The last 10 minutes of the day are equally important.  Begin the wrap-up by recapping the day:  highlight what happened and emphasize key accomplishments. You should model this recap for them early in the year, but eventually turn it over to them. Give them an opportunity to identify what was fun or what they learned.  Encourage them to verbalize something that was difficult.

Other topics for wrap-up include a preview of tomorrow’s activities, which gives them something to anticipate. (Keep it positive.)  Provide a topic or question they can ask at home to keep parents involved.

You should not only talk about the academic side of things but social topics too. Students are very aware of what goes on in the class socially, e.g. who’s friends with whom, who got in trouble, who was mean to them, etc.  By talking about these things before students leave, you can put it in context, and prevent a simmering pot from turning into an explosion at home.  Often a child will suppress their feelings about a conflict or incident at school until a parent or sibling prompts them at home.  The sudden attention can result in an emotional (and often inaccurate) memory of events from the day.  Using wrap-up time to diffuse these emotions can head off angry phone calls from parents.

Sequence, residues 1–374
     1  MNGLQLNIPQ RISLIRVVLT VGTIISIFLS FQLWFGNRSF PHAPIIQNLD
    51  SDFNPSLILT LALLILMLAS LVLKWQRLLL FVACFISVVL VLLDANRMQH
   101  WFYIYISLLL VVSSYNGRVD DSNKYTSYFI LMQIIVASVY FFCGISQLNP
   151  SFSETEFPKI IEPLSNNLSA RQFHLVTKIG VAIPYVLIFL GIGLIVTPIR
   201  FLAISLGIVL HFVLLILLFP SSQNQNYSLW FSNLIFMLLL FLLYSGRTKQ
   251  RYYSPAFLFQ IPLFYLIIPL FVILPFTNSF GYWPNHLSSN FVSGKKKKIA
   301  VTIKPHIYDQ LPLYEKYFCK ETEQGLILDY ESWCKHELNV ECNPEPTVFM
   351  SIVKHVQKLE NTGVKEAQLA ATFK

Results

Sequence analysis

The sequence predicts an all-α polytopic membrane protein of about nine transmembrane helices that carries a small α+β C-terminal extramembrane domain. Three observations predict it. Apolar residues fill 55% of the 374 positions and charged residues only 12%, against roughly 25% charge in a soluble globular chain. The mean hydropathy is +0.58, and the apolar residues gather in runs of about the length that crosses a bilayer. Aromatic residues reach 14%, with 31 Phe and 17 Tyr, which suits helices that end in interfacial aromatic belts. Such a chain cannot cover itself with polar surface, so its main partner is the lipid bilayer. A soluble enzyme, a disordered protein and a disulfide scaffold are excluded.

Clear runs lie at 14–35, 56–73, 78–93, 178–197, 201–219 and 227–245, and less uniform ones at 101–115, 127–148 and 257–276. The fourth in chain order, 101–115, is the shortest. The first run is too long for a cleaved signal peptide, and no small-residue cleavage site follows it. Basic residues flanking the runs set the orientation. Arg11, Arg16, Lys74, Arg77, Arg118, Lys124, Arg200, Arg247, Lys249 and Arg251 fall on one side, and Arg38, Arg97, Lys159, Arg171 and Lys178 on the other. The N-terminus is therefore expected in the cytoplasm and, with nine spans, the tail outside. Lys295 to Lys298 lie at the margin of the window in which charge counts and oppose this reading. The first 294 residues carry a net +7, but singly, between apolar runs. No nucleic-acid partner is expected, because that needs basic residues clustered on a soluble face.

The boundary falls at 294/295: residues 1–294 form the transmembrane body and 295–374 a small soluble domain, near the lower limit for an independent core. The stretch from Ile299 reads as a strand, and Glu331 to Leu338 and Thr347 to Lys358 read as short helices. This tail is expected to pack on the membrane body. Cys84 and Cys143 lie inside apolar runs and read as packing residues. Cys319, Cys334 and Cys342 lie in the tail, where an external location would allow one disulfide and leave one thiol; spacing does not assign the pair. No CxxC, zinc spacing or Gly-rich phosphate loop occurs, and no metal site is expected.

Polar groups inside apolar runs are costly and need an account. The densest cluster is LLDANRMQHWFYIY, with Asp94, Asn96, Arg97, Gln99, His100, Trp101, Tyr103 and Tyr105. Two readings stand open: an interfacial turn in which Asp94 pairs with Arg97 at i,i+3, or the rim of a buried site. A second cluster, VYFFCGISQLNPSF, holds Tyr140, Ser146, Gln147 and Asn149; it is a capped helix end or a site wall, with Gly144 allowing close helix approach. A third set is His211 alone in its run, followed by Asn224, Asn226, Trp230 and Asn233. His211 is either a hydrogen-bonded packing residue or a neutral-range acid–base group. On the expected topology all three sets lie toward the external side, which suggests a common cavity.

This reflection time is an important skill for students to learn so they can evaluate their day on their own and learn analytical and self-assessment methods.  It also provides insight to you about the efficacy of your  lessons; something you thought went well may not have had the same impact on students. Early in the year, wrap-up time can give you a chance to remind students of any materials they’ll need for homework or tomorrow’s assignments.  As time goes by, they will be doing this themselves; it will become a habit. They’ll learn to check everything before they leave and you won’t get the email or phone call saying Suzy left her book at school and couldn’t do her homework.

Encouraging leadership in your students

Encouraging leadership in students promotes a variety of qualities:

    1. Self confidence: By doing a job well students gain self confidence. They are able to assist others and make a contribution to the smooth running of the classroom. Once the classroom routine is up and running, you can spotlight a student of the week and/or leader of the month. By giving students jobs that they are capable of doing and doing well they gain confidence. Having their peers see them succeed promotes positive relationships as well. the-very-best-of-the-success-kid-meme
    2. Good decision making: Help students make a habit of weighing decisions and assessing pros and cons. When there’s conflict in the classroom, students should discuss options and outcomes. Role play various scenarios so that students know what is expected and have a framework for how to go about making the best choices.